Their meanings in terms of Guernsey landholdings, by Peter Girard, and a note by Rene Lepelley.
Bound MSS, staff E. Metal fastening engraved: 'LF 1773.' Contact the Library for further details. The material falls into several sections: the first, detailed below, is in two hands and lists in rough date order Acts of the Royal Court in which the judgment passed down is of some legal interest; the last Act noted is from 1719. Then follows an interesting set of documents covering the Civil War period and the reign of James II, some of which are Lord Hatton correspondence and may be unpublished. Finally a later hand has transcribed Acts relating to the Militia; the last of these dates from 1769. The back of the volume was reversed and charters and other early Acts and Ordonnances have been transcribed.
Deutsche Guernsey Zeitung, The Guernsey Press, Guernsey, 1942-45; Deutsches Leben, Guernsey, 1943; and other materials produced by or for the occupying forces, 1940-45.
From the Guernsey Free Churchman, November 1935, p. 80. Written originally in French by George Rabey.
From The Terrific Record and Chronicle of Remarkable and Interesting Events , 1849. I was bound for Liverpool, says an American Captain, in a fine stout ship, of about four hundred tons burden, with a valuable cargo on board, and about ninety thousand dollars in specie. When we were about to sail, the mate informed me that he had shipped two foreigners as seamen, one a native of Guernsey, and the other a Frenchman from Brittany. I was pleased, however, with the appearance of the crew generally, and particularly with the foreigners. They were both stout and able-bodied men, and alert and…
From the Strangers' Guide to Guernsey and Jersey, Guernsey: Barbet, 1833, pp. 39 ff. 'But it will answer no good purpose for the shell collector in Herm, to employ the language of science, in his research for shells; he must employ popular terms, inasmuch as the good people of Herm are utterly ignorant of the phraseology of the conchologist, and are in the habit of calling things by such names as strike their senses. They have their silver, pink, purple, yellow, rose, and blue shells. There are fine subjects on what the inhabitants call the 'best shell banks,' but which the native collectors pass over, because they do not consider them as shells. For instance, at times here, are very rich corals and corallines, cast up by the action of the sea, only to be discovered by those who are judges of the nature of their research.'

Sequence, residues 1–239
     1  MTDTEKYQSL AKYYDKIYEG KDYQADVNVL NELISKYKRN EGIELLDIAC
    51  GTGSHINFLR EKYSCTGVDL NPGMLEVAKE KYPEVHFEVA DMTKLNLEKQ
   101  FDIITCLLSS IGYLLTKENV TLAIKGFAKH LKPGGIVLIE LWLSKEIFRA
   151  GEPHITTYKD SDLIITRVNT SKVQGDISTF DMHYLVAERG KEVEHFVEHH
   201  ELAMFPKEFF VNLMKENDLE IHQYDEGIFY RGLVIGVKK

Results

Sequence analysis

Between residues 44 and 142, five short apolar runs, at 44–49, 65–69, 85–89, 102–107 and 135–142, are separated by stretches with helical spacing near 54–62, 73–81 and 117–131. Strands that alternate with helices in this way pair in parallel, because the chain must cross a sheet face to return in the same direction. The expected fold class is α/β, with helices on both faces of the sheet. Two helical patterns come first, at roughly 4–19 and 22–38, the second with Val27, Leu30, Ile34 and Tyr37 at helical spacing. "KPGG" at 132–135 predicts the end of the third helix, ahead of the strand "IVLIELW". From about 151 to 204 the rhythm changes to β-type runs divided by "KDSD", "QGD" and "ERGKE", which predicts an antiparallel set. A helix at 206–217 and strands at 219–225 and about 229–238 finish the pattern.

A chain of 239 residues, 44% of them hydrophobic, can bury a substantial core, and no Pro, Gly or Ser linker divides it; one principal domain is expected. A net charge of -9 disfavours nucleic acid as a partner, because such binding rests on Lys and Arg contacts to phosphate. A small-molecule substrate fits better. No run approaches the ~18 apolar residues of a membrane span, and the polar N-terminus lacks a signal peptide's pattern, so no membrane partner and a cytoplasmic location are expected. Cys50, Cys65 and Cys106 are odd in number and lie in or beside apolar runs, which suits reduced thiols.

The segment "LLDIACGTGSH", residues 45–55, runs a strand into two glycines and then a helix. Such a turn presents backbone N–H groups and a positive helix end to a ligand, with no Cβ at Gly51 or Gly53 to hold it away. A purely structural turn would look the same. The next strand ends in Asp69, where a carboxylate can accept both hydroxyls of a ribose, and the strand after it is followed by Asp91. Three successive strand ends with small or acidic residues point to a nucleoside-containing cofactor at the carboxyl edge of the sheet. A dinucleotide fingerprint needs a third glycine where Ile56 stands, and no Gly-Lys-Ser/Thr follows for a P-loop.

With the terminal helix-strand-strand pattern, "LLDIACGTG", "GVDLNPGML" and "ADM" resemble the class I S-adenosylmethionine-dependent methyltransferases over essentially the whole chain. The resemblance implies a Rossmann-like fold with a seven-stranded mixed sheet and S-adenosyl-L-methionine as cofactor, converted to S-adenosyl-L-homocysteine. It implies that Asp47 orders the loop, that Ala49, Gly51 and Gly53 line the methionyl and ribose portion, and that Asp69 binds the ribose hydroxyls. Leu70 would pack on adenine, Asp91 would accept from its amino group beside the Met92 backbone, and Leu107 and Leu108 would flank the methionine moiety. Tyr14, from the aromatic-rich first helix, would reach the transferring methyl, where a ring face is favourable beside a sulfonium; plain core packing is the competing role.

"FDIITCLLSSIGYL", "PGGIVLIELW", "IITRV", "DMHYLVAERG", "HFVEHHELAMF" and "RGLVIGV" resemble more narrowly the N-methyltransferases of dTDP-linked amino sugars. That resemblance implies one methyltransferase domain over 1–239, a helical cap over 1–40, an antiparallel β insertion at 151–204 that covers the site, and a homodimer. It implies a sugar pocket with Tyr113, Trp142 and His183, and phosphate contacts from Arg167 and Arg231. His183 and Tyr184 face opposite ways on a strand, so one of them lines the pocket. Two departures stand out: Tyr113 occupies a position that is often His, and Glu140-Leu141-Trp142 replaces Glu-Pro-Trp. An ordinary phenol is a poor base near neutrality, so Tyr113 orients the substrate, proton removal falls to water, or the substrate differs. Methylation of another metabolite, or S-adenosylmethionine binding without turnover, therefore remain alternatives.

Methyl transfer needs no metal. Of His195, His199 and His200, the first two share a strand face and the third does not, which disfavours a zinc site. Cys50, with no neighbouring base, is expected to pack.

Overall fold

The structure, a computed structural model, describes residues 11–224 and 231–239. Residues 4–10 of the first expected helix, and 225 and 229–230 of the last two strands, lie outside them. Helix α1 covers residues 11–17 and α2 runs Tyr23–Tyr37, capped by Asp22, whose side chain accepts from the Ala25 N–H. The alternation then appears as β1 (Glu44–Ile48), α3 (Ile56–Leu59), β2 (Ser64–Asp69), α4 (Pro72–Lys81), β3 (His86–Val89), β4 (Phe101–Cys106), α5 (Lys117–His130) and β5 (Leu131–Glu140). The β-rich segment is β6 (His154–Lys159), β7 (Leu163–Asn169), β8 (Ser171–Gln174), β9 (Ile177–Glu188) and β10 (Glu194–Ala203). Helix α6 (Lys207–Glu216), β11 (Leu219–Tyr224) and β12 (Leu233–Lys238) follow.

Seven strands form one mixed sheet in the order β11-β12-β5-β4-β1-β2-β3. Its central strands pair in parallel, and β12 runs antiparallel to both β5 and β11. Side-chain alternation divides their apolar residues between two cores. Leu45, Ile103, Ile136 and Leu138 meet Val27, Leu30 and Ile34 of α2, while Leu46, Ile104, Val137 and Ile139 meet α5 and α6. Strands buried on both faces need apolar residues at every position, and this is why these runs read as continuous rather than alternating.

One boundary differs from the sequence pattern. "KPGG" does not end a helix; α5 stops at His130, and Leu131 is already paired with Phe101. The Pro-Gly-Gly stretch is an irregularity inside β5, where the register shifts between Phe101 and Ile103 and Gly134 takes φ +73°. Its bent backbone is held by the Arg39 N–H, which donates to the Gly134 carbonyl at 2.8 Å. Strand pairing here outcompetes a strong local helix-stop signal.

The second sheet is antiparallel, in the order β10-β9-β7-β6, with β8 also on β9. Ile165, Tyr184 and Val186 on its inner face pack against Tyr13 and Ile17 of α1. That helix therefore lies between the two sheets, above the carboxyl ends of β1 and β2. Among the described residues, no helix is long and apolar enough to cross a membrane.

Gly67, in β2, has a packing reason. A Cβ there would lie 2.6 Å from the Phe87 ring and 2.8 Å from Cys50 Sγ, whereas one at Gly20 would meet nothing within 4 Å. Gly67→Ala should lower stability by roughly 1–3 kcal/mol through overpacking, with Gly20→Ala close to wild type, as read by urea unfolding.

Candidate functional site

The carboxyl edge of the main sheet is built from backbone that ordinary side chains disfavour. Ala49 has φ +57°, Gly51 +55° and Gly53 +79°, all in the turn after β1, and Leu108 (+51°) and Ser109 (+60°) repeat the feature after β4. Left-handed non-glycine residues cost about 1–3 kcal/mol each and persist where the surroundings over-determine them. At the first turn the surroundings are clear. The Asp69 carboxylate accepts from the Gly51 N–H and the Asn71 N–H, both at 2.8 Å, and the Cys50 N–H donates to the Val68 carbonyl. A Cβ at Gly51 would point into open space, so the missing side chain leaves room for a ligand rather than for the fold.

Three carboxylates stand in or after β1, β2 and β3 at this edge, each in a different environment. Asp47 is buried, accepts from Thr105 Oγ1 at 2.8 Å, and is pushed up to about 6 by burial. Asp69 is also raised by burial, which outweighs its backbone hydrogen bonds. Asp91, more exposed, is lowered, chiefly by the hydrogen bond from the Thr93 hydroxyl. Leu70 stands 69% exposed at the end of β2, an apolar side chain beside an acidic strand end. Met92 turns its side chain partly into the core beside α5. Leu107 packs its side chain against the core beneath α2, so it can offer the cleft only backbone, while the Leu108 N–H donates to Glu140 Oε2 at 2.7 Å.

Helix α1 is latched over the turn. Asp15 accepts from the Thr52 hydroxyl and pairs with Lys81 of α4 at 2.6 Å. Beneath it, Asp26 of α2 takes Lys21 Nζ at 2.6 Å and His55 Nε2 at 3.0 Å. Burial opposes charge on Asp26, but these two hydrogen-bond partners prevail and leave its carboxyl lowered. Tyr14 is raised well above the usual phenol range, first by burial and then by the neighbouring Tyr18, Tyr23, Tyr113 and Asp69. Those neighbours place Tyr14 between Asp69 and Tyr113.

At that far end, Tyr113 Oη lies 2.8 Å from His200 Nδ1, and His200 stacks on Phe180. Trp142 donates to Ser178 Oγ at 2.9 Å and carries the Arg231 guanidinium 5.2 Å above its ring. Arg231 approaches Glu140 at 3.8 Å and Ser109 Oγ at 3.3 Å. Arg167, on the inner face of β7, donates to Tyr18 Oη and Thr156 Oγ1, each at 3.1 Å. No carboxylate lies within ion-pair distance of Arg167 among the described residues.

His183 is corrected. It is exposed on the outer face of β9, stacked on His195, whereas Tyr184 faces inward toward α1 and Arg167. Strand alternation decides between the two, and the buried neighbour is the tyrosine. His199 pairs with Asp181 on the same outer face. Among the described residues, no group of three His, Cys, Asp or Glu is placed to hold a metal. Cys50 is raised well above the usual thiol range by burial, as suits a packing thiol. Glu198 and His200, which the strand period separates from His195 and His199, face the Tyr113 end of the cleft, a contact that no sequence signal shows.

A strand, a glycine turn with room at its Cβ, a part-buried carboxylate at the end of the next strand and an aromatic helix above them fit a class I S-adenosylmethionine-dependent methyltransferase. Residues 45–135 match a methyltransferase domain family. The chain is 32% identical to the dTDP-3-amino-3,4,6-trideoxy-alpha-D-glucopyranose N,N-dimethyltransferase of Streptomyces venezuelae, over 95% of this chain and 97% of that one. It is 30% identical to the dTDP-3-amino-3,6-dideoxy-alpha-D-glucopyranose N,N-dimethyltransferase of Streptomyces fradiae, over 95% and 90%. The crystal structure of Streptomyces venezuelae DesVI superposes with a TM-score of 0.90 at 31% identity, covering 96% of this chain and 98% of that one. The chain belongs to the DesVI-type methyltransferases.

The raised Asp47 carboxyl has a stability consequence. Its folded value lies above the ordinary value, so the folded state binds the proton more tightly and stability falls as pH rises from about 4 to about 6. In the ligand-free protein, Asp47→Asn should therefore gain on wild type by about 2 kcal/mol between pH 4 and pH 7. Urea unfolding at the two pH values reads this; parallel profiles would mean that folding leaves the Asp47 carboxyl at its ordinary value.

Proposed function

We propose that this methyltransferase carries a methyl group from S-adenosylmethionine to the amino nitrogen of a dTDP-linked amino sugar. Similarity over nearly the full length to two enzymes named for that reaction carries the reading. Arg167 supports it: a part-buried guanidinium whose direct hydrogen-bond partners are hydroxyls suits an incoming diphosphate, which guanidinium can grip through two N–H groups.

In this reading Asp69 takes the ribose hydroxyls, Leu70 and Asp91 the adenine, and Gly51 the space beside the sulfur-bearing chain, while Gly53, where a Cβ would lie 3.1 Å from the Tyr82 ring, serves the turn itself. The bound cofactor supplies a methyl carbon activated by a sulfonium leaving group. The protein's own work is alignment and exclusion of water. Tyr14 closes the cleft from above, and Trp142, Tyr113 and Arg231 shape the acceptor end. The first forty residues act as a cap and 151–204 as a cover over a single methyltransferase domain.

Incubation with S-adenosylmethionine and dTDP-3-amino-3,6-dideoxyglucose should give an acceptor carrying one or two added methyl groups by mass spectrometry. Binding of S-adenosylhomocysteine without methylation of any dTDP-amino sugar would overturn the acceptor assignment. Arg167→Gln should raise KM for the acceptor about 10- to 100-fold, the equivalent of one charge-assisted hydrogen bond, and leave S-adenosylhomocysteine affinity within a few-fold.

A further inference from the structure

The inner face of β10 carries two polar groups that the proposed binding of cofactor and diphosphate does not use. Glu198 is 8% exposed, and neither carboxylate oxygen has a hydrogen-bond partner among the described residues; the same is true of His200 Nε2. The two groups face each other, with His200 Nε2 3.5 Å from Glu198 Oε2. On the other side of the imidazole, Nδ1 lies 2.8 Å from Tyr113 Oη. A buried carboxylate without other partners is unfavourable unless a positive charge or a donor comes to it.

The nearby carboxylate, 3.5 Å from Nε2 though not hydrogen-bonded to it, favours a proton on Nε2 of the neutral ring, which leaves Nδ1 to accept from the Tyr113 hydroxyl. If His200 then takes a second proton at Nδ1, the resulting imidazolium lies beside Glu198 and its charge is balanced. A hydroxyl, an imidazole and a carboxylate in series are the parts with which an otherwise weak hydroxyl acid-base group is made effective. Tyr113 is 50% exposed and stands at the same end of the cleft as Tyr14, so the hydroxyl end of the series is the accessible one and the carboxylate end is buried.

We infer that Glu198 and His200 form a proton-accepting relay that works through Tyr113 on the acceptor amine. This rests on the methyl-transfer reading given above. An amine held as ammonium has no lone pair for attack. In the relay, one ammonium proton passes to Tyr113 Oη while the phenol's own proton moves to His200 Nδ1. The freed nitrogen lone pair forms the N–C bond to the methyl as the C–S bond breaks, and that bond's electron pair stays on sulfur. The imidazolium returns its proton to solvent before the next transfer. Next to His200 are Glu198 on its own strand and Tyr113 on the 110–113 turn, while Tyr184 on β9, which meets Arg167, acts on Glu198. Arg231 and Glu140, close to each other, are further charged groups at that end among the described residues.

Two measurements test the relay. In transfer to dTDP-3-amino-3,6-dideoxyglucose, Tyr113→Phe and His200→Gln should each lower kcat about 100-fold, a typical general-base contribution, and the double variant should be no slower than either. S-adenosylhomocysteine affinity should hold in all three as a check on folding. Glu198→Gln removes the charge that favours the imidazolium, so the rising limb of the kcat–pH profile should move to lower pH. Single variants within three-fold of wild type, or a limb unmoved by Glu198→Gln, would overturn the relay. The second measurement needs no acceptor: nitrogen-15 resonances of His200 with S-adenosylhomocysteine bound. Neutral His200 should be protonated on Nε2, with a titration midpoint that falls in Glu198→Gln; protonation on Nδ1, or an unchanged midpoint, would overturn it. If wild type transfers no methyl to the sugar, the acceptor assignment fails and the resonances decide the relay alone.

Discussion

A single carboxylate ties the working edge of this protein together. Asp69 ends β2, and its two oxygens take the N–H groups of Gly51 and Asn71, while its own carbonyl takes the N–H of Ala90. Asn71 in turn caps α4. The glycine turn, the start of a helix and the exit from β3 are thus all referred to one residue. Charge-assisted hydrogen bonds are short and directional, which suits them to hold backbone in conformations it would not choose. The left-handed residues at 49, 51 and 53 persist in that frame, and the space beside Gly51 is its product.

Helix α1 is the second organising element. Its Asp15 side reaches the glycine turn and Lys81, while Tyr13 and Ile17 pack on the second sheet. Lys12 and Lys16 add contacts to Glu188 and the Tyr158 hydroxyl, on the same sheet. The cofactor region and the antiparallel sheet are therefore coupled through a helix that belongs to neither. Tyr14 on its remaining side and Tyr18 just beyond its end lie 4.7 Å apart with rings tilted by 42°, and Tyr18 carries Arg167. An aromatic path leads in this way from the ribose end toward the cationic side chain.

Guernsey had many different locations for dealing out doom.
From the Guernsey Free Churchman, December 1924 and January 1925.
Mary, shown in the illustration in front of the Drillot's farmhouse, meets her future grandmother-in-law, a Guernsey farmer's widow, Marion Drillot; Marion's costume is described in detail. By Frances Carey Brock, from her moralistic but entertaining novel, Clear shining after rain: a Guernsey story, in the Library collection, published in 1871.
Sample form for Louage d'un apprentif, from the Supplement to Thomas Le Frocq's Nouveau Precepteur, 1818, and actual indenture of 1711 from our collection.
Staff XI. MSS transcriptions; some in full, others only references. Historical MSS Commission. The majority concern the Civil War period.
Section II from the Notebook (40) XI, Staff, in the Library. MSS transcriptions: inquisitions post mortem. These lists almost certainly predate the publication by the Societe Jersiaise of the islands' royal extentes and rolls etc. in 1902-3. Additions from Edith Carey's Family notes & pedigrees which begins with a transcription of Nicolle's volume.